The only time when I got a progressive to actually get it and change his mind was that. I think it helped that his grandfather had fled Franco’s Spain.

    3. Knew a few Cubans who escaped and also others who have left “the loving arms of mother socialism/communism” like Viet Nam or Cambodia.
      For some reason they are not big fans of the leftoids. Slow boil when we have an idiot who wears a Che shirt to work.

  14. It is high time we presume anyone in a Che t-shirt knows he’s wearing a t-shirt with the face of a man who delighted in killing students, children and dogs, or else they’re completely and totally stupid.

    Sadly, to those of us familiar with what is being presented — and not presented — in the schools, it is not hard to conclude that the latter — they’re completely and totally stupid — is more than likely the case for the vast majority.

    We are ODDs. We like to think. We enjoy it. It is as natural to us as breathing. It is among the disciplines and challenges that we like to chase. But, in the case of most people, to paraphrase a man who could think clear circles around just about anyone else ever: Thinking has not been tried and found wanting; it has been found difficult and not tried.

    1. I must confess, I do like the Planet of the Apes version of the Che shirt.

      1. Or the one with the international “forbidden” traffic sign over it, and the text “Che was a mass murderer and your T-shirt isn’t cool”. Or the Mickey Mouse parody designed by (I think)

  15. Rules in a fight are fine thing, if both sides agree to them and follow them; otherwise they are merely an inconvenience for those who do follow them, and a potentially fatal one. This point has been made in various places and in various forms. For example, I remember a phrase like “honorable rules for honorable foes” (can’t remember the source for that,) and something from one of the Pournelle and Stirling Falkenburg novels, about what civilization owes barbarians – nothing.

    However, it is important to remember that far too much of the population is still reliant upon, or at least largely still believes, the traditional sources of information and opinion. Opposing the left takes action, but it also requires a shift in public opinion in the long run. I’m uncertain how to fully accomplish that, and it is essential for long term success. I see distrust in mainstream media slowly increasing, but alternatives still carry a stigma for many (in part from deliberate mainstream media hostility).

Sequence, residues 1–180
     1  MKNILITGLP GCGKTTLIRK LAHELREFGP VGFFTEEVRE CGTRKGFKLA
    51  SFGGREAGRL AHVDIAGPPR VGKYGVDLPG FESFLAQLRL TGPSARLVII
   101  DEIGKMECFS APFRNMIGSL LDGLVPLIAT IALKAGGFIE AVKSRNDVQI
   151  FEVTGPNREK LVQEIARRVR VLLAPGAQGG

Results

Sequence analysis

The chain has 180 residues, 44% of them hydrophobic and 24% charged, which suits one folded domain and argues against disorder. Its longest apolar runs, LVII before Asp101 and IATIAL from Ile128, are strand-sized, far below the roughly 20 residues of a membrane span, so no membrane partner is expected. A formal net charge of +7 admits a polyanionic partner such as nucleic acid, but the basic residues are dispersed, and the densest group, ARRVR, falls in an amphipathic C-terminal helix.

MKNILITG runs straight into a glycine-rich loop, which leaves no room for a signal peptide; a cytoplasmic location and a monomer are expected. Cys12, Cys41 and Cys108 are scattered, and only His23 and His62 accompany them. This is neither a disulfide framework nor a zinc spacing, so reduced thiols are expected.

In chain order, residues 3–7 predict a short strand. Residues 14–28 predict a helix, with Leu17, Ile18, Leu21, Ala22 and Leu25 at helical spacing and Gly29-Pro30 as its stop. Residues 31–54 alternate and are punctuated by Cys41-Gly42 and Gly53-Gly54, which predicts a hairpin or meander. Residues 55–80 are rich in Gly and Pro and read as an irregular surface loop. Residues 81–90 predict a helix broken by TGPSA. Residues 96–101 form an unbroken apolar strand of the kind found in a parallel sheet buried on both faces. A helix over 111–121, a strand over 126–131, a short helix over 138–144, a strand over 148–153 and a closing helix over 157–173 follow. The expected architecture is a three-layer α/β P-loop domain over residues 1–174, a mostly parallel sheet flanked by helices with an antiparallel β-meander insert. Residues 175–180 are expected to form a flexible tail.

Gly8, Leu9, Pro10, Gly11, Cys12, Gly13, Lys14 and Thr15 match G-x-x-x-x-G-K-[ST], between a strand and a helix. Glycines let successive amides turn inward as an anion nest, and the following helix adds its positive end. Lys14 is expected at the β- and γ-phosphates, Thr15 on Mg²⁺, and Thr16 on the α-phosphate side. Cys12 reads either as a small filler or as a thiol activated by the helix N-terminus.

Also, some seem to go from distrusting the media to disbelieving everything they say, and listening to outright craziness. For example, everything from moon landing conspiracies and anti-vaxxer insanity to 9/11 conspiracies and racist lies. Some people just seem determined to go from one form of stupidity to the next. I guess, to paraphrase the Bible, “the stupid you will always have with you.”

    1. Spend five minutes with Tom Kratman on the Laws of War. There are reasons for them, but they only make sense if enforced. The idiocy lies not in having such laws but in imposing them unilaterally.

      Same idiocy that imagines gun control legislation would prevent such tragedies as happened in Charleston while ignoring that none of the laws proposed would have prevented the perp from getting a gun (latest reports are that he did buy the gun and thus passed a background check even though being out on bond for a felony should have precluded that.

      When “the rules” require the good guys to fight with one hand tied behind the back “the rules” are bollocks. If the “bad guys” put innocents in the line of fire, the war crimes are not by the shooters.

      1. Even if the “intent” of gun control laws was to keep the guns out of the hands of real criminal, they are worthless as long as criminals using gun are not severely punished.

        England is said to have strong anti-gun laws but criminals (with or without) guns are punished lightly.

        IMO if criminals knew they would be strongly punished (including execution) if they used guns in a crime, the market for illegal guns would lessen.

        Of course, any criminal executed for using a gun in a crime is one less criminal around. [Evil Grin]

      2. “being out on bond for a felony”

        Being out on bond =/= convicted felon. So…yeah, if that’s true, he SHOULD HAVE passed the background check.

        Punish the innocent, not the guilty. Until convicted by a court of law by a jury of his peers, he was (and is) not guilty. Therefore his rights should not have been restrained.

          1. The innocent and compliant are easier to find, and impose punishment on. Finding and punishing criminals is HARD

            This is the fundamental basis of lots of bureaucracies

            1. Which is why you never hear proposals to reduce gun violence by arresting gangbangers. It’s always another law that only the law-abiding will obey.

        1. My impression is SC law does not permit somebody out on bond to purchase a weapon.

          Probably out of some wild idea that such a person might attempt to intimidate or eliminate a witness.

              1. later I read it was his, but his mom had confiscated it because she did not trust him to have it, and he had stole it back from her.
                Eventually we might get the true story.

    2. For example, everything from moon landing conspiracies and anti-vaxxer insanity to 9/11 conspiracies and racist lies. Some people just seem determined to go from one form of stupidity to the next. I guess, to paraphrase the Bible, “the stupid you will always have with you.”